I-695 Transportation System Management Operations (TSMO). Baltimore County, Maryland.
The main goal of the TSMO project is to reduce recurring and non-recurring congestion along approximately twenty miles of I-695, from I-70 to MD 43, which includes six of the top fifteen most congested roadway segments in Maryland. WRA was responsible for the preparation of the NEPA Categorical Exclusion and associated technical reports; wetland delineations; noise analyses; concepts to utilize the inside shoulder as a peak period general purpose lane; preparation of the procurement documents and evaluation of technical submittals; and assistance with public involvement.
Alternative Project Delivery
WRA is currently serving as the Consultant Project Manager overseeing the design-build team’s submittals, schedule, and coordination within MDOT SHA, environmental agencies, and FHWA, as well as serving as the lead plan reviewer for all submittals.
WRA field delineated all Waters of the US (including wetlands), performed stream assessments, forest stand evaluations, and specimen tree identification within a 1,300-acre study area. WRA prepared a Natural Resources Inventory report to document and map the 23 acres of wetlands and more than 150 streams identified.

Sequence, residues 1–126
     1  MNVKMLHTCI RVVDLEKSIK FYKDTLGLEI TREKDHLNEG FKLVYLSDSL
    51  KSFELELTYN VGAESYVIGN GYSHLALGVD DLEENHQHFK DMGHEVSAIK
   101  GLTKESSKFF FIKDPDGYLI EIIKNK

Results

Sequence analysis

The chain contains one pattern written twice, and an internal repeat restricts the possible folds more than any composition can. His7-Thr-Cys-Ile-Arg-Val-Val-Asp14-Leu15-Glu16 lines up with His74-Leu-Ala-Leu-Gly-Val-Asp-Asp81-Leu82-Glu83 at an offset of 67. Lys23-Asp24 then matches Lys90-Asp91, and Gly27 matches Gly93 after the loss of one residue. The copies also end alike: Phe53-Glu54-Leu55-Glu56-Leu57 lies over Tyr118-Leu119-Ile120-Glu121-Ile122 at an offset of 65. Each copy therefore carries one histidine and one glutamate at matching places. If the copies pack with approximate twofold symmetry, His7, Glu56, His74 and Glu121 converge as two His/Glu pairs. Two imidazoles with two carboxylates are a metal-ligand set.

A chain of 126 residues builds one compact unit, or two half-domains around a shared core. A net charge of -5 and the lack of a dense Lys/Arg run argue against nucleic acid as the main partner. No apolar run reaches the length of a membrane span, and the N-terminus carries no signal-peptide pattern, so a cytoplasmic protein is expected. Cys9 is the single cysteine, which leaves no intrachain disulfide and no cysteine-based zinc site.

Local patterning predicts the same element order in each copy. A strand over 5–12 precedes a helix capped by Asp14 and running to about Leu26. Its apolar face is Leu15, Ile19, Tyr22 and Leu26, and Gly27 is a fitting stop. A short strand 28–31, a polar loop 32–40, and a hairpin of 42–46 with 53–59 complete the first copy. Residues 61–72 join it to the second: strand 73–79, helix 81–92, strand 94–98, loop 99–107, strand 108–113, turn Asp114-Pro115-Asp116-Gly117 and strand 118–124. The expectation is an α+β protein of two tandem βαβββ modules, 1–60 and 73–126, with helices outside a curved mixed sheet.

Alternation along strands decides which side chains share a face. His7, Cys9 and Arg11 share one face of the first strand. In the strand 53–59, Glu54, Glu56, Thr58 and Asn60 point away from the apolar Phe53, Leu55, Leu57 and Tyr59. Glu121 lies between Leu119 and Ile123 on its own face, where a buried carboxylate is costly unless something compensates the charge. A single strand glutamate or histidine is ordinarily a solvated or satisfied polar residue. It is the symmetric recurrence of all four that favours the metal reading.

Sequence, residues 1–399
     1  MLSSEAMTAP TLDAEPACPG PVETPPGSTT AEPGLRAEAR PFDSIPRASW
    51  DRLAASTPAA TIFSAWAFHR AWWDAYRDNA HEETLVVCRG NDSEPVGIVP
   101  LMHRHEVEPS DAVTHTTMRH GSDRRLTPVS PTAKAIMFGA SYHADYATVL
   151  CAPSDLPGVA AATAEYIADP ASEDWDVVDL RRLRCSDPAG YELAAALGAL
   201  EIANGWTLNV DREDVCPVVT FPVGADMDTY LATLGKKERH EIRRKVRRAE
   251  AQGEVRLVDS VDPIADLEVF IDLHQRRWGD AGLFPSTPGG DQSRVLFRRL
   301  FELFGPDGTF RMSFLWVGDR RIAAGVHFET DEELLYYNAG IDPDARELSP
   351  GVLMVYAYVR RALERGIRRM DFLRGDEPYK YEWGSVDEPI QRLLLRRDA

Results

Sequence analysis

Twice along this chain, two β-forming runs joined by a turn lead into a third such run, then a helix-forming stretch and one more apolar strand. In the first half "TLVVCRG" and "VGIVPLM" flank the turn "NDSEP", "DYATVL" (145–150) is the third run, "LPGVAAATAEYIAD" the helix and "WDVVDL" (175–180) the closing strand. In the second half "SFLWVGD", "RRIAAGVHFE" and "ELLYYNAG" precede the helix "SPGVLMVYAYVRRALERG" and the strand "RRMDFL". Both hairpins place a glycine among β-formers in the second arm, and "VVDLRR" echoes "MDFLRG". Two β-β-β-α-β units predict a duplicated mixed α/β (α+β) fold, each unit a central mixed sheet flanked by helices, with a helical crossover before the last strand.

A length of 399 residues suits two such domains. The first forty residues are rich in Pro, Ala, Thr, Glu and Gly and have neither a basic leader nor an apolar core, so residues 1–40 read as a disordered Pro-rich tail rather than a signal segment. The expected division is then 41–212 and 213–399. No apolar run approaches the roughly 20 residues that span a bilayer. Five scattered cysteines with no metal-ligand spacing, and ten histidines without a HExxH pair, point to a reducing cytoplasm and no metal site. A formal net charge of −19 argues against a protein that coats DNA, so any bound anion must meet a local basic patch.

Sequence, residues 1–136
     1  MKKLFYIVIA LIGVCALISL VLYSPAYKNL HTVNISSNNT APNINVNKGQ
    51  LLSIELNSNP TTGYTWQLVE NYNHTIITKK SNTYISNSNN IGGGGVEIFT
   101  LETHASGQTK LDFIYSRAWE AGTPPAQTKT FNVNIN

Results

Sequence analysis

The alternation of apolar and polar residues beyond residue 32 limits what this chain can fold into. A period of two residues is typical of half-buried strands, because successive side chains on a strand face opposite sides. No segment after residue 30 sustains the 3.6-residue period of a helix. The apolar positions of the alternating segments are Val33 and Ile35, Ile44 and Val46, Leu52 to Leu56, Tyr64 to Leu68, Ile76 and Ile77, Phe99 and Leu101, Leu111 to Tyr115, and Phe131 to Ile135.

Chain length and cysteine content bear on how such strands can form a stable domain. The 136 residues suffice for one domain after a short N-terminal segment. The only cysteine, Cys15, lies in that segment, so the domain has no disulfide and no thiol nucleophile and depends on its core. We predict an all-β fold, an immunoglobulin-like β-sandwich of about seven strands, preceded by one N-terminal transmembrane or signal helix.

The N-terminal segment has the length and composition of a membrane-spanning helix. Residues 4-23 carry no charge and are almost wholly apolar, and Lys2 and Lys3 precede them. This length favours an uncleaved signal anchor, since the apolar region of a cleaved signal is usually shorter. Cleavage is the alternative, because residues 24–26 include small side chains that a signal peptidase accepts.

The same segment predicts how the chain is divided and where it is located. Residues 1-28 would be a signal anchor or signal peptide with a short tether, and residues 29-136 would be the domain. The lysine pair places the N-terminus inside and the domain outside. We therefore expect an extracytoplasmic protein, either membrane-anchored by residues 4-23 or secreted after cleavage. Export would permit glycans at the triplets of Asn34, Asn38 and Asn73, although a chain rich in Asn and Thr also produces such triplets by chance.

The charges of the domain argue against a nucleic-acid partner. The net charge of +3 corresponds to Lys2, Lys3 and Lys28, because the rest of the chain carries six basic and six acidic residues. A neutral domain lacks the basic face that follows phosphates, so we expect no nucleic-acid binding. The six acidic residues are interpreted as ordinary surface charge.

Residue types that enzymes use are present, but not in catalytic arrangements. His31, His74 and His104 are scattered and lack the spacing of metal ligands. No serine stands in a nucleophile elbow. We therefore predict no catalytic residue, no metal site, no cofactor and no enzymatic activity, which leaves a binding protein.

WRA was responsible for all environmental evaluations and documentation critical to obtaining approval from FHWA under NEPA and to identify opportunities for avoidance and minimization of impacts to adjacent environmental resources and private properties, as MDOT SHA required that all proposed improvements be contained within the existing available right-of-way. WRA also performed the Indirect and Cumulative Effects Technical Report, the Hazardous Materials Technical Report, and the Community Effects Analysis, and assisted with Section 106 coordination.
WRA performed noise impact analysis and evaluated abatement options within the 20-mile corridor limits, prepared engineering costs estimates, and constructability analysis for noise barriers.
WRA’s conceptual design efforts included the identification of various constraints along the 20-mile corridor, including, sign structures, bridge widths, retaining walls, and existing noise barriers. This information was used in the development of estimated impact areas and study boundaries for the environmental analyses and evaluations. WRA was responsible for the preparation of the preliminary engineering, and cost estimates, including detailed right-of-way and utility estimates.
WRA conducted traffic forecasting, operational analyses, and safety studies to inform the conceptual design. WRA collected mainline traffic data at nine locations along the corridor and developed detailed existing and forecasted future volumes at each of these locations, in addition to a detailed analysis of four complex interchange locations. Travel times and speeds were also evaluated. WRA also developed a concept ITS design for lane use control, CCTV, incident and vehicle detection, and DMS.